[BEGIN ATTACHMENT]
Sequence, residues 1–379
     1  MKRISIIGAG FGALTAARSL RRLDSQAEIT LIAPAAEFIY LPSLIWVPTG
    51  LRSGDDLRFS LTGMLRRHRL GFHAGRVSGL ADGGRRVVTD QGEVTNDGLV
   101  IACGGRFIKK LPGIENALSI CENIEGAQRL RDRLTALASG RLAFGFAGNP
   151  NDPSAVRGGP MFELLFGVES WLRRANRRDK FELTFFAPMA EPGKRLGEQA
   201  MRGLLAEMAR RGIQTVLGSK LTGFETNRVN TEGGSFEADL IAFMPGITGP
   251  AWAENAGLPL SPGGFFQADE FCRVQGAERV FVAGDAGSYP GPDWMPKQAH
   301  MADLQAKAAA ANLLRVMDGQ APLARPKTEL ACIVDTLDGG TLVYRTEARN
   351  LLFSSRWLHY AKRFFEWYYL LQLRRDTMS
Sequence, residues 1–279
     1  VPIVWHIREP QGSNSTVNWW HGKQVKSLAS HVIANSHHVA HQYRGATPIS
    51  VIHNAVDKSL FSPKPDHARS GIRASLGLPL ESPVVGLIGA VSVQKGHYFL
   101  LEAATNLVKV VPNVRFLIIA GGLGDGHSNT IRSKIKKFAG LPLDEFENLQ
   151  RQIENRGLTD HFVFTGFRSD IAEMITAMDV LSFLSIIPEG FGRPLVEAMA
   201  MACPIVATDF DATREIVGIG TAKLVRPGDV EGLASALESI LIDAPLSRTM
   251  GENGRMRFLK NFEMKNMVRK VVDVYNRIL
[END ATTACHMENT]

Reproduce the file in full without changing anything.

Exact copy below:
Sequence, residues 1–379
     1  MKRISIIGAG FGALTAARSL RRLDSQAEIT LIAPAAEFIY LPSLIWVPTG
    51  LRSGDDLRFS LTGMLRRHRL GFHAGRVSGL ADGGRRVVTD QGEVTNDGLV
   101  IACGGRFIKK LPGIENALSI CENIEGAQRL RDRLTALASG RLAFGFAGNP
   151  NDPSAVRGGP MFELLFGVES WLRRANRRDK FELTFFAPMA EPGKRLGEQA
   201  MRGLLAEMAR RGIQTVLGSK LTGFETNRVN TEGGSFEADL IAFMPGITGP
   251  AWAENAGLPL SPGGFFQADE FCRVQGAERV FVAGDAGSYP GPDWMPKQAH
   301  MADLQAKAAA ANLLRVMDGQ APLARPKTEL ACIVDTLDGG TLVYRTEARN
   351  LLFSSRWLHY AKRFFEWYYL LQLRRDTMS
Sequence, residues 1–279
     1  VPIVWHIREP QGSNSTVNWW HGKQVKSLAS HVIANSHHVA HQYRGATPIS
    51  VIHNAVDKSL FSPKPDHARS GIRASLGLPL ESPVVGLIGA VSVQKGHYFL
   101  LEAATNLVKV VPNVRFLIIA GGLGDGHSNT IRSKIKKFAG LPLDEFENLQ
   151  RQIENRGLTD HFVFTGFRSD IAEMITAMDV LSFLSIIPEG FGRPLVEAMA
   201  MACPIVATDF DATREIVGIG TAKLVRPGDV EGLASALESI LIDAPLSRTM
   251  GENGRMRFLK NFEMKNMVRK VVDVYNRIL